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The one mistake Joe Biden mustn’t make with his VP pick (opinion)

The last time a VP pick was instrumental to a race was 1960, when Texas Democrat Lyndon B. Johnson helped put John F. Kennedy over the top by attracting votes from the South. There have been plenty of strong candidates and incredibly flawed VP picks since then, but none have helped determine the outcome of the presidential race. Put another way, John McCain didn’t lose because he picked Sarah Palin in 2008, but it sure didn’t help.

All of this is not to say the VP pick is not important. The decision — once a means of finding ideological or regional balance — is increasingly a test of the candidate’s judgment and an early indication of the kind of administration he intends to run.

Bill Clinton, for example, was widely expected to choose someone from the more liberal wing of the Democratic party and not another son of the South. But by choosing Al Gore, he made a broader and bolder statement; this campaign was about generational change and a new style of leadership. Both Clinton and Gore were younger men in their mid-40s who brought more physical energy to the race than George H. W. Bush, then in his late 60s. The contrast fueled the narrative that America needed new, younger leadership.

More importantly, Clinton and Gore were comfortable with each other and shared the same basic world view. The same was true for Barack Obama and Biden and, for better or worse, Richard Nixon and Spiro Agnew.

Ultimately, the success of a VP pick comes down to these two factors: whether the two running mates share a genuine and comfortable partnership, and whether the VP reinforces the broad message about how the presidential candidate intends to govern.

So, what is Biden going to do? He has already made the kind of statement Bill Clinton did by picking Gore — making generational change a centerpiece of the campaign. By committing to pick a woman early in the campaign, Biden signaled his intention to break the glass ceiling. Women are the key to Biden’s election success, particularly Black women. This was an important message from the beginning, helping to blunt any unease within the Democratic party that Biden was just another old guy in the party.
Now the only question is: which woman? Judging from his experience with Obama, the former vice president will want to pick someone he’s comfortable with — someone he knows and trusts. Vetting the VP choice is one of the most consequential jobs of a fledgling presidential campaign. If the first rule of VP picks is to do no harm, the second rule is this: absolutely no surprises. Biden will want to avoid any unwelcome revelations such as we’ve seen in the past — like Palin’s much-mocked ignorance about international affairs and Geraldine Ferraro’s husband’s finances becoming a flash point when she announced he would not be releasing his tax returns.
I'm ready to call our sister in the movement for justice Madam Vice President Kamala Harris

Getting the vetting right is an important test of competency. And that’s especially important in this election cycle. Biden is running as the candidate who won’t make the mistakes the Trump administration made from day one. Messing up the VP would seriously undermine the whole competency narrative.

It should be said no contender is perfect or baggage-free. But don’t mistake the public criticisms of various VP choices — from Kamala Harris’ supposed ambition to Rep. Karen Bass’s past comments about Scientology — as immediately disqualifying. More often than not, that information will be floated out by the campaign to judge the public’s reaction before a decision is made. Any new information reported after the pick is announced takes on much more importance and signals the campaign failed in fully vetting the pick.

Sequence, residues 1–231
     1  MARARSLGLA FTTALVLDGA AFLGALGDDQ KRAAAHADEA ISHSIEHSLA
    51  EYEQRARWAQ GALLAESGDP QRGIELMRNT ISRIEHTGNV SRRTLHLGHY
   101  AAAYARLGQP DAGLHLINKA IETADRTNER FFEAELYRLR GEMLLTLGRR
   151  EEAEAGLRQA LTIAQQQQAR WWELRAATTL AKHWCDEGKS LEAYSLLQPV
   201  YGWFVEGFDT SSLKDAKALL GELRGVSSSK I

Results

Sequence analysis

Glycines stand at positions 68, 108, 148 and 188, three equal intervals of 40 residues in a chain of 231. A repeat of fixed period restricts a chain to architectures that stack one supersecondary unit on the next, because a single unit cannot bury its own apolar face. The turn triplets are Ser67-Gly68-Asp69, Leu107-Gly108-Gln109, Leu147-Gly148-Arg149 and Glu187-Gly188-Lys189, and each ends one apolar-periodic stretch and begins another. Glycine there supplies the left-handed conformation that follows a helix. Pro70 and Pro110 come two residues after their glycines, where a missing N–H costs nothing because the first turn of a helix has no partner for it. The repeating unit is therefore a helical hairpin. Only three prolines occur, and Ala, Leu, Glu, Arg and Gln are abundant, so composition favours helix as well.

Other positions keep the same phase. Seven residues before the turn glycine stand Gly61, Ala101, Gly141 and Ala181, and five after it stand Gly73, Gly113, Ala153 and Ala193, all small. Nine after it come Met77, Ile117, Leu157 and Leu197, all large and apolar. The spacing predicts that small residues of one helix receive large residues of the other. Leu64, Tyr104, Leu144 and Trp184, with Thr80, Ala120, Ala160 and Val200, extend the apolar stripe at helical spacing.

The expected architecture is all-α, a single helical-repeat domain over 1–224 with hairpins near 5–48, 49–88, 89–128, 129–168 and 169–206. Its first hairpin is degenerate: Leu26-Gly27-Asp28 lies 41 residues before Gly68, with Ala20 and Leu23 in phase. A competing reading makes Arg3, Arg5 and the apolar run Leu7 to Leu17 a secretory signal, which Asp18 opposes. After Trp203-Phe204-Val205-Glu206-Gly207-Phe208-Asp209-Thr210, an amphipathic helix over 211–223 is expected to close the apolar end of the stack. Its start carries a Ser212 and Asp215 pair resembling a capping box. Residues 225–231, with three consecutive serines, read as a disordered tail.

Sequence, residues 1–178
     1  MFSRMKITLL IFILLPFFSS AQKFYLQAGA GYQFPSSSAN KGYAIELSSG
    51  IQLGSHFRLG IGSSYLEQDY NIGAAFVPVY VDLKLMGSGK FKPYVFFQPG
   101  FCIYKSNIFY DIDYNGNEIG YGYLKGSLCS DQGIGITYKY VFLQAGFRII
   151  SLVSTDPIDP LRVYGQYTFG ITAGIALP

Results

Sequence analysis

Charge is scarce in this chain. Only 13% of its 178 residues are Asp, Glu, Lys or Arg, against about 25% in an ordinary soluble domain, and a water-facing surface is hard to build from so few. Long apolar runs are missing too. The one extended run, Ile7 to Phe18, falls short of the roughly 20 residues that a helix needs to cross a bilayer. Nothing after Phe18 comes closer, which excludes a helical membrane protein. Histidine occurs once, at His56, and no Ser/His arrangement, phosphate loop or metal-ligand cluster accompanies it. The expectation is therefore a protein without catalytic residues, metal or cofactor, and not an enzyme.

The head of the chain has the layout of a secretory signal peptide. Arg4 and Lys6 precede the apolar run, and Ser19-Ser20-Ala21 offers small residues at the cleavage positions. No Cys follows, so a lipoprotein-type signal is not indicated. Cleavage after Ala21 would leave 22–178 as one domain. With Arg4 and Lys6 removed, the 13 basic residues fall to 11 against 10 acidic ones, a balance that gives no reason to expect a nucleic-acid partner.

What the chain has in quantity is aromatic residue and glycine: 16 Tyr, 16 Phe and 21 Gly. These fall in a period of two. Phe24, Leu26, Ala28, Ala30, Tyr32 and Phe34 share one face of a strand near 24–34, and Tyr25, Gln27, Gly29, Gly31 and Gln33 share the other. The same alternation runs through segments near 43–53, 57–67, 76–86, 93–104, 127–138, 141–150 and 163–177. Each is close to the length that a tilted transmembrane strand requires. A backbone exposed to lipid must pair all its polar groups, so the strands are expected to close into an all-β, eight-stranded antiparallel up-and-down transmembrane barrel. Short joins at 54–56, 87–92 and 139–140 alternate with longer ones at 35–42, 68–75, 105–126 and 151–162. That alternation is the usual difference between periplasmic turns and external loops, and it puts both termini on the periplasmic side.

How the new VP candidate is rolled out is also an important test. Even if you believe my theory that the VP pick only matters for a few days, those few days are very important. Developing a showcase announcement tour that highlights the strengths of the candidate and how they both complement and reinforce each other is both a messaging challenge and a cultural test of how well the running mates and their respective staff members can work together. McCain and his staff had significant problems dealing with Palin and her staff. On the flip side, the bus tour out of the Democratic convention in 1992 cemented the generational change both Clinton and Gore were aiming to convey.

It’s age-old wisdom that the vice president also has to be the attack dog, but that has been less true in recent years and mostly irrelevant this year. The main issue in this campaign is Trump. Biden’s pick will help serve as a contrast to the incumbent and demonstrate the ability for the Biden administration to hit the ground running on day one.

Biden’s vice president will, of course, need to appeal to core Democratic constituencies, minority communities and women. Biden has a wealth of choices on that front and it’s hard to see, as long as the vetting is done properly, how he could go wrong.

McCain shocked the political elite by picking Palin as a way of shaking up the race. Walter Mondale did the same by picking Ferraro in 1984. And Clinton surprised the country by picking another Southerner. For Biden, the task is different. Biden’s challenge is just the opposite. His pick needs to be designed to maintain the structure of the race rather than changing the dynamic. The very last thing he needs now is to spring a surprise on all of us.